Draft Digest: By Popular Demand!

Ryan Saxe isn’t stopping at two picks in the first pack! Today he also explores a second-pack dilemma that illustrates how card values can change based on your deck’s needs!

Now that the Pro Tour has come and gone, we have gotten a glimpse into how the greatest minds have dissected Aether Revolt Limited. This format has been referred to as difficult to understand, but there is one consensus: the format is aggressive. I think my favorite, and most unintuitive, discovery from the weekend is that Consulate Dreadnaught is actually pretty good.

Today, all of you are in luck! By request I will be adding a “middle of Pack 2” pick. Hopefully this adds the depth you all desire. Let’s get into the first pack:

Pack 1, Pick 1

The Pack:

The Pick:

Well, this pack is absolutely stacked!

I’m sure almost 100% of you are going to take Walking Ballista, and that would be (dare I say) objectively correct. Sometimes we get lucky, and today we did! Walking Ballista is in the top five cards in the set for Pack 1, Pick 1. The only cards I always take over it are Aethersphere Harvester, Ridgescale Tusker, and Herald of Anguish. And the only cards that are on a similar power level are Rishkar, Peema Renegade; Heart of Kiran; and Untethered Express.

As for the rest of the pack, we have an uncommon print run! Scrapper Champion, Siege Modification, and Tezzeret’s Touch appear together at quite a high consistency. The collation is not 100%, but if you get passed a pack with Siege Modification and Tezzeret’s Touch Pack 1, Pick 2, you can pretty safely put the person to your right in red with a Scrapper Champion.

After Walking Ballista and Scrapper Champion, this pack even has five of the top commons: Aether Chaser, Aether Poisoner, Aether Swooper, Scrounging Bandar, and Renegade Map. Although I don’t particularly like first-picking Renegade Map, it has certainly impressed me. The card is playable in every deck, and mana consistency is really important. Helping out with Revolt and Improvise is relevant as well. The rest of the commons listed, I am okay-first picking, and you should be as well. The only top common that isn’t in this pack is Daring Demolition, but it should be noted that I think both Aether Chaser and Aether Poisoner are better than Daring Demolition.

Pack 1, Pick 7

The Picks So Far:

We have a great W/R aggro deck a-brewing here. In my experience, this deck usually has two to four Vehicles, two to three combat tricks, and three to five removal spells. We are already nearing the top end of removal spells, but that’s not really an issue. It should be noted that creatures gain higher value, given that I only have two so far, though. Let’s look at the next pack:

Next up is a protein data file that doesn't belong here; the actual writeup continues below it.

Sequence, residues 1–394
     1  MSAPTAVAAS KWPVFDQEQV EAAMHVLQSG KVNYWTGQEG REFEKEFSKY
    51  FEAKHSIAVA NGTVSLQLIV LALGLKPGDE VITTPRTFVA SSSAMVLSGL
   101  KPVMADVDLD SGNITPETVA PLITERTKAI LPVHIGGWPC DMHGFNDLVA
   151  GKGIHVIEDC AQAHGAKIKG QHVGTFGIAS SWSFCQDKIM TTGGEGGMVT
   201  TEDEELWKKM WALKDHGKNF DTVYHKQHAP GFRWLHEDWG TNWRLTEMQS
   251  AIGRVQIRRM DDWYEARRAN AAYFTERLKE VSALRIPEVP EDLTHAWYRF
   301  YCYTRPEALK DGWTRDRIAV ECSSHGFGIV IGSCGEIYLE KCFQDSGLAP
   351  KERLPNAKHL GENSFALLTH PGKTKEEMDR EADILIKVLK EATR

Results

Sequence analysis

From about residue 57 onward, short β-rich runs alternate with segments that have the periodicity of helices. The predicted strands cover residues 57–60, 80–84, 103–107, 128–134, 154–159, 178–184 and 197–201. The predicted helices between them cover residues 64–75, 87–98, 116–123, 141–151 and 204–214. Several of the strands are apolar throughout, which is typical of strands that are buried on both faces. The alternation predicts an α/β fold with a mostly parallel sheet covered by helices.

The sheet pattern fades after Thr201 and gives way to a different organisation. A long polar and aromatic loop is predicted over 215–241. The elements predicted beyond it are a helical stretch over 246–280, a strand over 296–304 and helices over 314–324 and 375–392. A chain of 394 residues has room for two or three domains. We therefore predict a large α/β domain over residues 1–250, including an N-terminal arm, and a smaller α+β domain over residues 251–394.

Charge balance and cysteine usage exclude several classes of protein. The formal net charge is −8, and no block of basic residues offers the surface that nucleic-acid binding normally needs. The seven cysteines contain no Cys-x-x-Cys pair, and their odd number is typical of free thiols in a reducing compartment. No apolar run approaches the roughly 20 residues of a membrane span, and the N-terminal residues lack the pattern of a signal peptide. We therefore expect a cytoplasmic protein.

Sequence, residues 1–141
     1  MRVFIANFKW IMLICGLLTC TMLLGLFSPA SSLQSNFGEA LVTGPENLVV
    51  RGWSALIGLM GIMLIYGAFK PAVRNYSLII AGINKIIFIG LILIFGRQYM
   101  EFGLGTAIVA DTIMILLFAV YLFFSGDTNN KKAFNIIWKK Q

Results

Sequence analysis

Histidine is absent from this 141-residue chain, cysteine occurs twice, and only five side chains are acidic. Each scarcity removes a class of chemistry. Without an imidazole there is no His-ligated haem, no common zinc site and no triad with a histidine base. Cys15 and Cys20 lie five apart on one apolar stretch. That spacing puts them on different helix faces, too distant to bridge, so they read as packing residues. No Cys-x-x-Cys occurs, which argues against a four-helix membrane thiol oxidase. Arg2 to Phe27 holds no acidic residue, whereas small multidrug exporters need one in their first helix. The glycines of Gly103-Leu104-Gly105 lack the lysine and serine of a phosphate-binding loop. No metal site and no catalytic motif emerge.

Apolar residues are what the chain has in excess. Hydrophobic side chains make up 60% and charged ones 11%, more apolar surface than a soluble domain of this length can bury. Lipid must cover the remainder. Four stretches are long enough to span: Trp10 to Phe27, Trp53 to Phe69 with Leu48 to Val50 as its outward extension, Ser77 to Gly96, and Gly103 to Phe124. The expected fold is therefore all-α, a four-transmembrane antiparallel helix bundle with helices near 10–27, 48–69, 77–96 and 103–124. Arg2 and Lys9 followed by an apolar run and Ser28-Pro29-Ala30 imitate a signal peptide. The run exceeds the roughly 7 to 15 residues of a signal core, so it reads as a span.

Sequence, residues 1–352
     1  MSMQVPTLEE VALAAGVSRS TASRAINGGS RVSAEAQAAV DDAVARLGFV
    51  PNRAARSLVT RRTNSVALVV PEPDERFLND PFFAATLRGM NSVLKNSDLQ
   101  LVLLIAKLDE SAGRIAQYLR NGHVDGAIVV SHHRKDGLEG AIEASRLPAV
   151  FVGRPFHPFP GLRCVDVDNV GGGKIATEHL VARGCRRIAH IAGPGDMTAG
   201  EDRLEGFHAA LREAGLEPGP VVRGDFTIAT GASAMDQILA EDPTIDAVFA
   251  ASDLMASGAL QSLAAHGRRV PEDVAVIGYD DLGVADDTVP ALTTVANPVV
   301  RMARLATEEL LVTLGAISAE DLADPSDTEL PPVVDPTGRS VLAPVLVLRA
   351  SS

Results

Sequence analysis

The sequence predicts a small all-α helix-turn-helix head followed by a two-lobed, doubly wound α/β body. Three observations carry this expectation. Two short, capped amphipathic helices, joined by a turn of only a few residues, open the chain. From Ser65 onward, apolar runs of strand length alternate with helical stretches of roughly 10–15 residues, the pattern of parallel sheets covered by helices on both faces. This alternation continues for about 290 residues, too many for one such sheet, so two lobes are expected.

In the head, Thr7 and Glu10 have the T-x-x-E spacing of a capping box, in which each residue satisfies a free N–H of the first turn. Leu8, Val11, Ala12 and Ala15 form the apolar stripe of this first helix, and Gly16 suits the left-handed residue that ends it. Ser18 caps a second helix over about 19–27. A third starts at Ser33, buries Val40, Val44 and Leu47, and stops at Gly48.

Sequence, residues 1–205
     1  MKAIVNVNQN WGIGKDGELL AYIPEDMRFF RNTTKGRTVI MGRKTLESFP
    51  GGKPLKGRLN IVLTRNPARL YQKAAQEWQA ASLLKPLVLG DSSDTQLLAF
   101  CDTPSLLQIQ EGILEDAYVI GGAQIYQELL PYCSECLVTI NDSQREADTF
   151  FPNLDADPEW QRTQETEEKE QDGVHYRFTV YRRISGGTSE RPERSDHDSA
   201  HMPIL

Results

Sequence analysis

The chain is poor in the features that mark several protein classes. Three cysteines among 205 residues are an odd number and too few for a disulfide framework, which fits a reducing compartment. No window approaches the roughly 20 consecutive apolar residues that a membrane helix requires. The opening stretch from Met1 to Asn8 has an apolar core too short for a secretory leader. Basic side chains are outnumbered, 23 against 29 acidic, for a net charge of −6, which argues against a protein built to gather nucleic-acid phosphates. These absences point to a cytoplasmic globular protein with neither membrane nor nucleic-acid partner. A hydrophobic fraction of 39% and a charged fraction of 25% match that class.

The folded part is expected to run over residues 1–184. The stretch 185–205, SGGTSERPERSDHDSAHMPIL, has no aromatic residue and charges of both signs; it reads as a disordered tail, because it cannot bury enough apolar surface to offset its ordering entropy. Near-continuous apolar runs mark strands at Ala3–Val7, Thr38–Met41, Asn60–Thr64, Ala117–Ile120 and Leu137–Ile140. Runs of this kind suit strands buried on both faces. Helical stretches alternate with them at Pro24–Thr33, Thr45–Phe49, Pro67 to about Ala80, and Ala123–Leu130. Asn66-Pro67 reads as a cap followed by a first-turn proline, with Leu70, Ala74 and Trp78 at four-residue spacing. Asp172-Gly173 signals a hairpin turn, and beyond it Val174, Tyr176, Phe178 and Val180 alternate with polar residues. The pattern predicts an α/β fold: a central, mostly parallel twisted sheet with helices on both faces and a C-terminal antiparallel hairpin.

The Pack:

The Pick:

This pack is a great one. Seeing an Aether Chaser this late is a huge signal that red is open, and I am snapping it up here. Many teams this weekend had Aether Chaser as the best overall common! With a Vehicle and more red and white cards in the pack, I think I’m in the right lane.

One of the reasons Aether Chaser is so good is that it can consistently help you play Sweatworks Brawler on turn 3. I’m looking to pick one up now; although it’s a shame I can’t take the one in this pack, remember that there was one in my starting pack that might wheel if the Aether Chaser came this late.

To talk about the rest of the pack, both Irontread Crusher and Dawnfeather Eagle have overperformed for me. I thought Irontread Crusher was going to be bad, but crewing it was not as difficult as I expected, and the 6/6 body is just monstrous. The Eagle is great, just as I thought, but this format has had a large potential for racing. I have won multiple games by sandbagging Dawnfeather Eagle so that my opponent thinks they’re winning the race when they’re not.

Pack 2, Pick 3

A new section! I am unsure how frequently I’ll be adding a Pack 2 or 3 scenario, but it is a different skillset that no article currently helps with. You see, at this point of the draft, you really need to see what your deck lacks and try to fill those holes. It’s just an additional dimension to consider. With that in mind, here we go…

The Picks So Far:

The Pack:

The Pick:

The best card in the pack for us is Chandra’s Revolution, but that doesn’t mean it’s correct to pick it here. Welder Automaton and Restoration Specialist are both good two-drops, and aggressive decks really need an abundance of them. We already have three removal spells and three two-drops (if you count Walking Ballista), so what is the necessity here?

First, let’s figure out which two-drop is better. What are the upsides? Welder Automaton can help cast Sweatworks Brawler on turn 3. Restoration Specialist can get back Vehicles and even Caught in the Brights or Walking Ballista. But Welder Automaton is reach and a mana sink. Overall, I think the upside for Restoration Specialist is much higher than that of Welder Automaton, so if I’m taking a two-drop, it’ll be the specialist.

So, two-drop or removal spell? I currently have three quality two-drops, although I would rather play Walking Ballista on turn 4 or turn 6. This early in the second pack, I am not worried about picking up two-drops, but it is something of note. If this were, say, Pick 8 or 9 in Pack 2, or worse yet the beginning of Pack 3, Restoration Specialist would be the pick hands-down. As is, I think I have enough two-drops right now and would rather take the solid removal spell in Chandra’s Revolution. I wouldn’t fault anyone for taking the Specialist here, but the card is a replaceable two-drop. Where R/W is going to have trouble with creatures with four toughness, and having access to more removal for big butts is important.